View across the water to the Old City Entertainment Centre, housed in an Art Deco building built in 1929.
Oud Batavia lingers today in a few isolated neighborhoods in Jakarta. The greatest concentration of historic buildings is to the North, in what is now known as Kota, or “City.” Here lies the old administrative and commercial heart of colonial Batavia, as well as its ancient port, Sunda Kelapa.
Here too runs the Grootegracht, or Grand Canal (today known as the Kali Besar), the remaining artery of a series of canals the Dutch built in the 1600s, many of which they later filled in because of malaria and other tropical diseases. Along the gracht are some of the most impressive buildings of the era; all of which have fallen in disrepair.
A malaria epidemic in the early 1800s forced the Dutch south to Weltreveden, which today forms the neigborhoods around Merdeka Square and Harmoni. Here, there still sits a few impressive colonial administrative buildings built in the mid to late 1800s. These include the National Museum of Indonesia, the Presidential Palace, and other Ministerial “kantors,” or “offices.” The Hotel Des Indes used to sit here too, in what was once described by travellers as a beautiful, leafy suburb, but is today, part of polluted and traffic-congested Central Jakarta.
Finally, south of Weltreveden sits Menteng, a leafy residential suburb the Dutch built in the early 1910s based on a utopian, Garden City concept where low-rise houses sit in amongst leafy boulevards and sidewalks. The buildings here were designed in the “Indies” style – with red-tiled pyramid-shaped roofs, large verandahs out front, and white-washed walls.
The most impressive of these houses stand along Jalan Teuku Umar, and are now primarily used as foreign embassies and missions. However, many of the houses here have been refurbished beyond recognition, and others are in danger of being demolished and replaced with newer confections. That said, this is still easily the most pleasant neighborhood in Jakarta, allowing for a quiet and reflective stroll that can be had nowhere else in the city.
Pnisis boats plying their ancient trade at the Sunda Kelapa Port.
The Uitkyk Watchtower Tower at the ancien VOC docks, today known as Menara Syahbandar.
Dilapidated VOC-era godowns.
The Museum Bahari (Maritime Museum), once a VOC fortified godown.
Jembatan Kota Intan, once known as the Hoenderpasarbrug (Chicken Market Bridge).
The Batavia Hotel – built in the style of the Old Town.
A dilapidated old building standing right next to the Batavia Hotel.
Refurbished old building along the Kali Besar, housing a budget hotel.
View across the water to an idyllic vision of Oud Batavia.
Assurances Kantor Building, with Art Deco mosaics on its façade.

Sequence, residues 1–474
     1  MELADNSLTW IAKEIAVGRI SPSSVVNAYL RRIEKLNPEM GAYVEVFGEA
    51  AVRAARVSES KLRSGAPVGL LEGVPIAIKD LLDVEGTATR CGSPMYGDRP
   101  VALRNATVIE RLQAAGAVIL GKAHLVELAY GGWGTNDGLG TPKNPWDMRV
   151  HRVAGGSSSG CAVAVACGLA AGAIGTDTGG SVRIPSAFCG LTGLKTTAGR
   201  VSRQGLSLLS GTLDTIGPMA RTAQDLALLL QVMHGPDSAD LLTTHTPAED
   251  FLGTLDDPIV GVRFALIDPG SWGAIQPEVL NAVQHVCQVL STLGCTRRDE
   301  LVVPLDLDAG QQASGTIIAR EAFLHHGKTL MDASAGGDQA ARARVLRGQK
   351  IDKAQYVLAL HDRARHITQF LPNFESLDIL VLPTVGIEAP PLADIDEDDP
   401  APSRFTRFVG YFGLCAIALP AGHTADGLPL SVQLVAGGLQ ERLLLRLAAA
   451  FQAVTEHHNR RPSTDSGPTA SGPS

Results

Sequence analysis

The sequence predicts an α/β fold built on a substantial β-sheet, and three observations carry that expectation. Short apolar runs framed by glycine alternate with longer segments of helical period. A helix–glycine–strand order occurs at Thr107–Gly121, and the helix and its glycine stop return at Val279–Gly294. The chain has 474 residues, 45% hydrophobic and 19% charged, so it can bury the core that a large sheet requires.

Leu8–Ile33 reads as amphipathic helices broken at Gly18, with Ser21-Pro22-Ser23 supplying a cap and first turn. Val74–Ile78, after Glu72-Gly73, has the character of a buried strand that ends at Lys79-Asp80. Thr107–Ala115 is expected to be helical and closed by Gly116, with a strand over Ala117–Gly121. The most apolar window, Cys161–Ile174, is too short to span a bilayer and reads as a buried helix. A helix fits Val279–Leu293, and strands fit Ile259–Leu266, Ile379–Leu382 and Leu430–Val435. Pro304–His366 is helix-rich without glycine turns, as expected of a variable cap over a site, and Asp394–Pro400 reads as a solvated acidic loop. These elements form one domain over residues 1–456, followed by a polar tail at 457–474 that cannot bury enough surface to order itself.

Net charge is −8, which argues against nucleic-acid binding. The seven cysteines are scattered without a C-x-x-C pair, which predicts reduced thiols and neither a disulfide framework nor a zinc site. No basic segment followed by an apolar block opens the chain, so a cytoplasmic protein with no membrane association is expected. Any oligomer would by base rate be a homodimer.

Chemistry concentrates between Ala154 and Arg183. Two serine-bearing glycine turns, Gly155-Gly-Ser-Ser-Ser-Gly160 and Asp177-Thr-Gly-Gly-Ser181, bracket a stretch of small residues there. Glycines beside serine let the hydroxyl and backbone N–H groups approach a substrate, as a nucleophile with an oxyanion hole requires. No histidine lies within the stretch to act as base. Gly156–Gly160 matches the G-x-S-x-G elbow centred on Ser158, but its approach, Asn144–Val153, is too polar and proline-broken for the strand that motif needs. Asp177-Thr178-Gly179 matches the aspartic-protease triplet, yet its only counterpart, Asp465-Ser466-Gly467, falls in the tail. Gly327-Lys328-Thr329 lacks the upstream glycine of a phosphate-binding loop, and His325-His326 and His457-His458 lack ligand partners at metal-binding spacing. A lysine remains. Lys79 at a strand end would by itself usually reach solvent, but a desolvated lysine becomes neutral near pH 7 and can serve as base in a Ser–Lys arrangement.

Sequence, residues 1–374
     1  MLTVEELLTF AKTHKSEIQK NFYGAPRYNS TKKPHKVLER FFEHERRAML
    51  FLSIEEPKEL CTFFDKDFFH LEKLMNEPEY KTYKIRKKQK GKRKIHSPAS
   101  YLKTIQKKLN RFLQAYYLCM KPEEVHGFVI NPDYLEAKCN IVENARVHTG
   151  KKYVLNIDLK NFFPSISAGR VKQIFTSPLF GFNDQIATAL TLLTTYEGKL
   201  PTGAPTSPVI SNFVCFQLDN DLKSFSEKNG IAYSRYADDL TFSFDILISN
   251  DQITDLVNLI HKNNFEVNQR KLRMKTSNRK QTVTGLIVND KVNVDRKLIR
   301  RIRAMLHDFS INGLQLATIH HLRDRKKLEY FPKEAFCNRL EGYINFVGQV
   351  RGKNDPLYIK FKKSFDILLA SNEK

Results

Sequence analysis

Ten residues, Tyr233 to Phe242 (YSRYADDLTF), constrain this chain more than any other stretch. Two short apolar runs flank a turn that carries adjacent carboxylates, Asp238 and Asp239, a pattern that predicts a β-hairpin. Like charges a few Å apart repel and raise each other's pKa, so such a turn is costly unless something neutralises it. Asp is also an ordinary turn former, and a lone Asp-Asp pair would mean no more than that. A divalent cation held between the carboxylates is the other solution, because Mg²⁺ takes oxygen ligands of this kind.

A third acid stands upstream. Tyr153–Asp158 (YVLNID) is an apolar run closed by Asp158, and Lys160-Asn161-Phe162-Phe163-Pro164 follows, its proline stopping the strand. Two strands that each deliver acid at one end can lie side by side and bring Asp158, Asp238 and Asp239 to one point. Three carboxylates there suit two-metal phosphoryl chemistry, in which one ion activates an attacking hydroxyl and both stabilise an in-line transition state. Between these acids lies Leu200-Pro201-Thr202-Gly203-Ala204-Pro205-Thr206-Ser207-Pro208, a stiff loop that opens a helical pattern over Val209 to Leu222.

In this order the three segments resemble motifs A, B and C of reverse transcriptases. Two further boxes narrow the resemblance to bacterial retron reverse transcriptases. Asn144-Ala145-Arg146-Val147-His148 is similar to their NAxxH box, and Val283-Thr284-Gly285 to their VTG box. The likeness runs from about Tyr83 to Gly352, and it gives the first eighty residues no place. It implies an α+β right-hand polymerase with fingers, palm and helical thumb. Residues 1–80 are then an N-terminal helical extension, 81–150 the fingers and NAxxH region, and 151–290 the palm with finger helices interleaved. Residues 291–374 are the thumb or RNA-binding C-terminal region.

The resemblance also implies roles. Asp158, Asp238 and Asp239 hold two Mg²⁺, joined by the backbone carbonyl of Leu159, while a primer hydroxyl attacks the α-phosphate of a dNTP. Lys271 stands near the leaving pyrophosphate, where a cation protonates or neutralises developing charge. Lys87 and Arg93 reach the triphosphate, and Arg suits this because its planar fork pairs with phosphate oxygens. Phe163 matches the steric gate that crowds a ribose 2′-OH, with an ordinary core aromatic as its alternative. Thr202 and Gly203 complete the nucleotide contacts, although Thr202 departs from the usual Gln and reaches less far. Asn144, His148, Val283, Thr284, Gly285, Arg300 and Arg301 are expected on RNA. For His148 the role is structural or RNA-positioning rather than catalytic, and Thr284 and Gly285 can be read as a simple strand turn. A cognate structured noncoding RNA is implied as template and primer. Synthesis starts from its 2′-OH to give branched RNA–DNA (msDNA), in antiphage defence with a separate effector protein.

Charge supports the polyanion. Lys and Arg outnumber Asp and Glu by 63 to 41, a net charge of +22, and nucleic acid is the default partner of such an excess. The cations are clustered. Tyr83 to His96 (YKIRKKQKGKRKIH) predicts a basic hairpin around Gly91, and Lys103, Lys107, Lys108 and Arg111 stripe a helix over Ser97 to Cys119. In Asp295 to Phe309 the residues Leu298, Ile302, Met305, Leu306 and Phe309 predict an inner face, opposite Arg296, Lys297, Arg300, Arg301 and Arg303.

Another imposing twin-turreted merchant building, dilapidated.
Toko Merah, the Red House. Built in 1730 as the Residence of the Governor-General, it is one of the oldest buildings in Jakarta. Today it houses a commercial gallery.
Two houses down sits another building of a similar design.
P.T. Skaha Building.
The imposing façade of the Bank of Indonesia Museum.
Stained glass windows in the Mandiri Bank Museum.
The fabled Portugeuse cannon in the Fatahillah Museum, brought to Batavia from Malacca in 1641 when the Dutch took over Malacca from the Portugeuse.
Channeling a wintry Amsterdam: the Stadhuis (1710), today’s Fatahillah Musuem.
Café Batavia, the best place in the city to channel Oud Batavia.
Dilapidated building just off Fatahillah Square.
The Wayang Museum, formerly the Old Batavia Museum (1912).
The Museum of Art and Ceramics, formerly the Court of Justice (1870).
The imposing, art deco Kota Station (1926).
Detail on the wall of a Chinese merchant’s villa, Glodok (Chinatown).
A dilapidated former school building in Glodok.
National Musuem (1868), at Merdeka Square.
The Museum’s Neolithic collection, featuring faces from a distant peoples.
Monstrous makara in the museum’s courtyard, from Java’s Hindu era.
Severed Buddha’s head from Borobudur in the museum’s excellent collection of Javanese Hindu and Buddhist artefacts.
Ministry of Defence, Merdeka Square.
Ministry of Women’s Affairs and Child Protection, Merdeka Square.
Bungarampai, an excellent Dutch-Peranakan restaurant in Menteng.
No. 16, Jalan Syamsu Rizal. One of the remaining bungalows in the Indies-style.
And finally, without any trace of irony: the Holland Bakery (across from my hotel), a chain of pastry shops selling excellent local and Dutch delights.
About Kennie Ting
I am a wandering cityophile and pattern-finder who is pathologically incapable of staying in one place for any long period of time. When I do, I see the place from different perspectives, obsessive-compulsively.